Every now and then when I am playing, I remember one of the keys that I used to use regularly when competing in golf tournaments. This happened recently when I found myself doing exactly what I encourage my clients not to do, which is follow the ball with your eyes and head as soon as you hit the putt.
Here is a simple exercise next time you are at the course prior to playing. Place approximately five balls about ten feet away from the hole, just so when you assume your set up position you cannot see the hole in your peripheral vision. Now hit a few putts and keep your eyes looking at where the ball was prior to hitting the putt and keep your head still. I call this “staying in the putt”. I want to encourage you to listen for the ball if you hole the putt, I would prefer that you don’t actually see the ball go in (or miss). Then hit another few putts actually moving your head and eyes to follow the ball as soon as you hit the ball and notice the difference in the results, invariably the eyes down and head still will win 9/10 times. Consequently I refer to lifting your head and following the ball too early as “coming out of your putt.”
Next, try another drill. After you hit each putt, count to three (one and two and three) under your breath after you hit the ball—which is a reminder to stay watching the ground until you count to three then you can move your eyes and head slightly to watch the ball.
If you have any questions relating to your putting, please email it to me firstname.lastname@example.org and I will endeavour to answer them in future articles.
Tempo – tempo – tempo
One of the areas I often find myself working on with clients at The Sydney Putting Studio is the tempo of their stroke, it may seem like something I would only do with beginners but that is definitely not true, in fact most professionals I coach end up doing some tempo drills as well.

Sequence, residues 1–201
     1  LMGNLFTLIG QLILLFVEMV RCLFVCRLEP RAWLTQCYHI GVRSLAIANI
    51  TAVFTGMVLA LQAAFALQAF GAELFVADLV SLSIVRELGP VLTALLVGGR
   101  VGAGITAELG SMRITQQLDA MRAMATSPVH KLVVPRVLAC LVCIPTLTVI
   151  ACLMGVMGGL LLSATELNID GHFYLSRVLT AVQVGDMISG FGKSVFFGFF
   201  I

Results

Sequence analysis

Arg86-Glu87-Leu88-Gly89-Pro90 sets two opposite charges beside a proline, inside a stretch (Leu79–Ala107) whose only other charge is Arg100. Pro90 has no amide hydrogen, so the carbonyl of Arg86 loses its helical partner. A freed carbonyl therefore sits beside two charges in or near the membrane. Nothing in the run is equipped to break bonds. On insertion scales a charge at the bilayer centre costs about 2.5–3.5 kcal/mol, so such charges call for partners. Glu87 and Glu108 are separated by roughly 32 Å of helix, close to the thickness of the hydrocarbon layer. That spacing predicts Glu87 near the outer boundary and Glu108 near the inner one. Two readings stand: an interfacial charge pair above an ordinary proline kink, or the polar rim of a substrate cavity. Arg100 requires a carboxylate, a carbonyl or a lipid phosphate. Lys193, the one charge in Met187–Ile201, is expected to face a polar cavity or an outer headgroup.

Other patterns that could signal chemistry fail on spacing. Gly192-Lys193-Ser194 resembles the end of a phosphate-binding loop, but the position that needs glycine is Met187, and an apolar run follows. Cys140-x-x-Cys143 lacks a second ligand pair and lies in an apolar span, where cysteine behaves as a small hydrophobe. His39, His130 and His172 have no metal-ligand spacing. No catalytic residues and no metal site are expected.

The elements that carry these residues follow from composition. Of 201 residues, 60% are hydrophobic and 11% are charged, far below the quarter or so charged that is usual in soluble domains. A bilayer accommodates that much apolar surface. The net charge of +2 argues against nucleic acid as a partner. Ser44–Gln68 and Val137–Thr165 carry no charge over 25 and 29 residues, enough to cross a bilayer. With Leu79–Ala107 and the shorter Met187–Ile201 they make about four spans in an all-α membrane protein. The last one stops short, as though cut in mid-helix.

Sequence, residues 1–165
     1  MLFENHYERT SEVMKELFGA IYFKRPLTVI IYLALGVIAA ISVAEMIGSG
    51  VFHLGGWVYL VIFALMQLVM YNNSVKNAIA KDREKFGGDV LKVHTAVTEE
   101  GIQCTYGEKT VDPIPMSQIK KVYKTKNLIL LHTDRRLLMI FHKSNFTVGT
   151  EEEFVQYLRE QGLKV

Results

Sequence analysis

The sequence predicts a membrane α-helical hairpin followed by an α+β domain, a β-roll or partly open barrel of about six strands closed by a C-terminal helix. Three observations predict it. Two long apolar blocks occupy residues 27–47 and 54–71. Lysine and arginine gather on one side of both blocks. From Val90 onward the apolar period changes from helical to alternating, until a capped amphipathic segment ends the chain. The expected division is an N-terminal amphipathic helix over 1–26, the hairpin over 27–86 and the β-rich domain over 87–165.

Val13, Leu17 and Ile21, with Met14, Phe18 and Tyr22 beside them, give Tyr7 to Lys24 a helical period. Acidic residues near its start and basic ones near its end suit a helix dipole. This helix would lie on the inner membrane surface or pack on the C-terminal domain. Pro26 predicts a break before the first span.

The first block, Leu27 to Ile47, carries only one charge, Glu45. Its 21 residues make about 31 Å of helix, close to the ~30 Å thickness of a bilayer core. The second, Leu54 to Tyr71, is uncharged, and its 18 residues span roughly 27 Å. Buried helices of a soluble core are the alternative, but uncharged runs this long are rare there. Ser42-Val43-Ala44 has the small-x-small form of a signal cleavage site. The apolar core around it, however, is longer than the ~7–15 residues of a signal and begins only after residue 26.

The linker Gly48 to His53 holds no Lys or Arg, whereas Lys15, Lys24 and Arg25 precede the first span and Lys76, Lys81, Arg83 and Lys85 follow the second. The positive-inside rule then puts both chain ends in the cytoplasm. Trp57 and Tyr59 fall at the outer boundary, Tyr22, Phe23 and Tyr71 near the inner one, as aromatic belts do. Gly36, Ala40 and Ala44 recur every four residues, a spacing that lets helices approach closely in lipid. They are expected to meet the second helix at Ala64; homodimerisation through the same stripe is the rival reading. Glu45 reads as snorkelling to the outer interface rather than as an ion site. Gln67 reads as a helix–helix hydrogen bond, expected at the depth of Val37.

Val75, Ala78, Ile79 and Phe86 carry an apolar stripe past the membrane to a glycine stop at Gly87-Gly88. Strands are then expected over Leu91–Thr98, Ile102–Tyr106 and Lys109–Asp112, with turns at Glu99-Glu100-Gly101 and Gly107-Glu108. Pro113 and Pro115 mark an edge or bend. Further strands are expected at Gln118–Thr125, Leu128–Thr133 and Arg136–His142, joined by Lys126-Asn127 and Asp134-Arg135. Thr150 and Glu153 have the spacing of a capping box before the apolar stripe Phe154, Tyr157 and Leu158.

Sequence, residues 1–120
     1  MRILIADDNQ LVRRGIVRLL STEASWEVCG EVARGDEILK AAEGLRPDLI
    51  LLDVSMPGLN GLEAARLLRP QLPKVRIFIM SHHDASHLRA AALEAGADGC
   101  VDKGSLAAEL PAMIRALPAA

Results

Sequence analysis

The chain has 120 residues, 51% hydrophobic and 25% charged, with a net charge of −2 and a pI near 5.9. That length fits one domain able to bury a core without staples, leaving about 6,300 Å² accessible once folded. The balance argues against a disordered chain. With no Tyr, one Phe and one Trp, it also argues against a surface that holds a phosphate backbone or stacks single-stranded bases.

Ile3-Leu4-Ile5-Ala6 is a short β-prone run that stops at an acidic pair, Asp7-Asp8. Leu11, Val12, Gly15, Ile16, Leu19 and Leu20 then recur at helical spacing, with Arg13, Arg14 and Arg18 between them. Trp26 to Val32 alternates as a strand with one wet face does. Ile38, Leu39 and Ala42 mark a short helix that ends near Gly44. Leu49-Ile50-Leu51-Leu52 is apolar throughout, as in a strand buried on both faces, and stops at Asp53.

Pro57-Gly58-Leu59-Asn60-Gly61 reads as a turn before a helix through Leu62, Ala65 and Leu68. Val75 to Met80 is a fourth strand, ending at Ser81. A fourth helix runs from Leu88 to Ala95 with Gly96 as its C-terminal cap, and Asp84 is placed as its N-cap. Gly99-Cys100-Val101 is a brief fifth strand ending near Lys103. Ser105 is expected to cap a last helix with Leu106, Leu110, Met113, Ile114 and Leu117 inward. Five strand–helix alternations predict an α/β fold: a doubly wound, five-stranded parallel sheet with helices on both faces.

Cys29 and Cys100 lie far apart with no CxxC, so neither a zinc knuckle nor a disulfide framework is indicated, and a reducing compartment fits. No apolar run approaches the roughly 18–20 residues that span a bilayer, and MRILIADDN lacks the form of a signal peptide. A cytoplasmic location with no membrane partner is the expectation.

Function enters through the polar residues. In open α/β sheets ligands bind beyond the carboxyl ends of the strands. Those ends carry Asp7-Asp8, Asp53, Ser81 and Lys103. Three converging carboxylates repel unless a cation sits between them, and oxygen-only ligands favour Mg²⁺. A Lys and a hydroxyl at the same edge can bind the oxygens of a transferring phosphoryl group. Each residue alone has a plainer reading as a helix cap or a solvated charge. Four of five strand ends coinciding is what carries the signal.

One of the simpler exercises I ask my clients to do is say the words “One – Two” out loud when they are practicing their putting. This encourages them to be aware when they dramatically change the rhythm or tempo of the stroke.
Irrespective of the length of the stroke or distance of the putt, the relative tempo should remain the same, in other words the “One – Two” you say out loud will be a bit slower but you should notice that there is no real change of pace.
Another training exercise I recommend is downloading and using a free metronome app on your phone. Set it to count between approximately 55 and 65 beats per minute.
A number of years ago, there was a trend going around where players were encouraged to make a shorter backswing and accelerate as they hit the ball. I never subscribed to that theory as I just couldn’t see it being as consistent long-term under pressure.
There is a very extensive putting system which allows professional coaches to record your stroke. The developer of the system, Marius Filmater, recently published a document that demonstrated just how important it is for golfers to balance the length of the back stroke and through stroke and to keep the rhythm constant. I was pleased to read this as it gives credibility to what I teach every day